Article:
In March 2012, I asked Chris if it was okay for me to post the Tear-Jerker 2000 binary, and the letter in text format, for others to use and read. He said that it was okay. The following is the letter that Chris read in January 2001. Please excuse the lack of paragraphs. I tried to make this as true to the original marquee scroll as possible:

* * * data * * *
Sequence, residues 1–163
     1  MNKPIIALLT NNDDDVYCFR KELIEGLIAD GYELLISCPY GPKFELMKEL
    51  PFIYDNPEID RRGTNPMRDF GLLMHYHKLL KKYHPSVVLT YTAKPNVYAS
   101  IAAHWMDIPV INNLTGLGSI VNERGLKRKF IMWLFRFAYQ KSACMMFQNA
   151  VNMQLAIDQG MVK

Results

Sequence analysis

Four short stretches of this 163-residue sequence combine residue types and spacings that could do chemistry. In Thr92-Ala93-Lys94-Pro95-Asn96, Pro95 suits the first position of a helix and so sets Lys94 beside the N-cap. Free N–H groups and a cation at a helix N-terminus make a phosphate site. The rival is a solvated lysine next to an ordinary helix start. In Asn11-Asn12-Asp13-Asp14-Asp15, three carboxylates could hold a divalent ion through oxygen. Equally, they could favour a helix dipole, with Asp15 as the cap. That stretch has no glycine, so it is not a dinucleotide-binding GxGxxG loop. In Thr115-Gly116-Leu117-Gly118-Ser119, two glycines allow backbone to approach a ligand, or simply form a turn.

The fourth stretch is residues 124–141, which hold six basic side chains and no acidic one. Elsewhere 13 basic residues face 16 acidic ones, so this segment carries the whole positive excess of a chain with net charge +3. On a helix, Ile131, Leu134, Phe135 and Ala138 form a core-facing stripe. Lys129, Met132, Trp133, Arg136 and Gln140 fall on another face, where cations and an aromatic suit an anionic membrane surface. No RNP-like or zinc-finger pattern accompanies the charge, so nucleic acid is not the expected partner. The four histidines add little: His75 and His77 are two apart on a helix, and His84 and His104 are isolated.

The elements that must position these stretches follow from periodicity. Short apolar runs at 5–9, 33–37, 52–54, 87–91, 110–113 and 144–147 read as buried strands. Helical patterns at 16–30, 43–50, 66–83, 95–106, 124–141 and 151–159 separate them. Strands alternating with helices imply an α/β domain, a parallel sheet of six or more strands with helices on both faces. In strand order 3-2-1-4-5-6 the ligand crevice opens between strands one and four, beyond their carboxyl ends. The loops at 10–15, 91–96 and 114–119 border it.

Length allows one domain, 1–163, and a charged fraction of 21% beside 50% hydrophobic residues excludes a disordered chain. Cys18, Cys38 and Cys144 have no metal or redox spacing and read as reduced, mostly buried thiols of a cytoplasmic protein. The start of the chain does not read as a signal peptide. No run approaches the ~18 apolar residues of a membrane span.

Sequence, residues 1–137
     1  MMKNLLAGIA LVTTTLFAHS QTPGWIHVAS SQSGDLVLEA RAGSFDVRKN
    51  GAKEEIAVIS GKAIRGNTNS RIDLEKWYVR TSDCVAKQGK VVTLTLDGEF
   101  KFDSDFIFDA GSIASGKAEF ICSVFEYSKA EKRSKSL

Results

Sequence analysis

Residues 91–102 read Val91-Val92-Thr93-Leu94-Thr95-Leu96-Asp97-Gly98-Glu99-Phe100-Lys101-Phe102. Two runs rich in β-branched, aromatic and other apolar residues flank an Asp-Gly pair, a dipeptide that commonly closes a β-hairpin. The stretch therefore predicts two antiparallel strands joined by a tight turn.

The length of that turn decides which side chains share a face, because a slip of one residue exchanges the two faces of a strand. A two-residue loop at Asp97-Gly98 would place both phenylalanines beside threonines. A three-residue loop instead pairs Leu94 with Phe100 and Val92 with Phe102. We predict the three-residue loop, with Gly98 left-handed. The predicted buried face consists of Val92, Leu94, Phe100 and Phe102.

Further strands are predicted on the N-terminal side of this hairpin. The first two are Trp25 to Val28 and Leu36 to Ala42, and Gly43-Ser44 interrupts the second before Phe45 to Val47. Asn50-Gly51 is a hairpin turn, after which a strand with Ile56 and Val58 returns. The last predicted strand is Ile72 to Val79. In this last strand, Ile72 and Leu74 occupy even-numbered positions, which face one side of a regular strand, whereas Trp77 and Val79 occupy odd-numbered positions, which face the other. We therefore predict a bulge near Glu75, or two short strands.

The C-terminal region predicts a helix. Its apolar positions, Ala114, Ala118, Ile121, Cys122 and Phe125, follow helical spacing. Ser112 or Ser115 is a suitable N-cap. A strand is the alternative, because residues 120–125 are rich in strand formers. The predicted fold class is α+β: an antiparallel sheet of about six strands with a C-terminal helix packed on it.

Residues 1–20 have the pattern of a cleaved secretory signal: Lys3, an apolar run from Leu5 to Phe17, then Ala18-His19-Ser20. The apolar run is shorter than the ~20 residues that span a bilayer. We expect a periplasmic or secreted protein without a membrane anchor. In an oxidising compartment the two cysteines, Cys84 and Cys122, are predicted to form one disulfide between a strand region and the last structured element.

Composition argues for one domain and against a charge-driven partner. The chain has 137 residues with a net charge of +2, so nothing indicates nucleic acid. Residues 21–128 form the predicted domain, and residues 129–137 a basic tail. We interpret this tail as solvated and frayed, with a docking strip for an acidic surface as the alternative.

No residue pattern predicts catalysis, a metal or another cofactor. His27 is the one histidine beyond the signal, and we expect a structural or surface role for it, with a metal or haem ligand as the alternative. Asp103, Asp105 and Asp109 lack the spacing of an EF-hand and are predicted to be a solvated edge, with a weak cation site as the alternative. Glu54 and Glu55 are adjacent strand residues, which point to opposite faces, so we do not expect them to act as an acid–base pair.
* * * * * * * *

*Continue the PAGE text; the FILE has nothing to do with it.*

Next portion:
My dear friend Chris Federico, Merry Christmas, 2000! You and I have exchanged letters over the years using IBM, Amiga, Atari, and C-64 computers. To that list add a most unusual form of communication: an Atari 2600 scrolling Marquee! Based upon past Christmas gifts, this letter/cartridge seems like an appropriate present. It surely is not the best letter I have ever written to you, but I believe that the impact of having it delivered on a 4K VCS cartridge will make it quite memorable. What does one say in a letter that has been burned on a ROM anyway? I have given it much thought and have decided that this may well be the perfect way to express to you the importance of our friendship. A few years ago our friendship was rekindled because of classic systems. Ten years had pasted, and we were talking again. This would not have occurred if it had not been for my job at Goodwill, a broken Commodore 64 and a friendly newsletter called OC&GS. We soon began spending our Sundays together and discovered that we enjoyed much of the same things. I remember your shock when you saw my collection of hundreds of VCS cartridges! You sat yourself down in front of my TV playing game after game. On occasion you would come up for air and ask, "You don't mind do ya?" You had no idea just how glad I was to be witness to someone enjoying Atari as much as me. Confession: until this very moment I thought that this piece of self-indulgence might come across as a bit loony, maybe even a little demented. Not many folks would understand why anyone would go through the trouble of writing a letter like this, while fewer still would understand when they received it. I think you will get it. Atari might have been the cement that bonded our early friendship, but it obviously grew from there. Soon I discovered that this waiter-guy was really cool in other ways too. He was a musician, a writer, a programmer. We don't see eye-to-eye on everything, but it does not matter, for our differences opened my world. Look here at three changes you made. If it were not for you: Frank Zappa would just be some musician to me, OC&GS would have been just three issues, and I probably would be divorced. You helped keep me sane and happy. Writing and editing together (discussing why Myst missed), exchanging music (Here is Zappa; Here are The Swans), talking over breakfast (Work sucks!), sharing computer and game playing expertise (getting you set up with an Amiga, you showing me the secret message in Adventure) and just hanging out has always been fun. When you moved away to N.Y. I didn't realize how much I would miss you. Uh-oh. Before this becomes a tear-jerker let me sum my thoughts up. It is my hope that one day you and I will live close enough together so that we can have breakfast a couple times a week. Though I will settle for seeing you next year at the Classic Gaming Expo. Your friend, Adam Trionfo - I single handedly used broken joysticks for Archon, yet STILL won.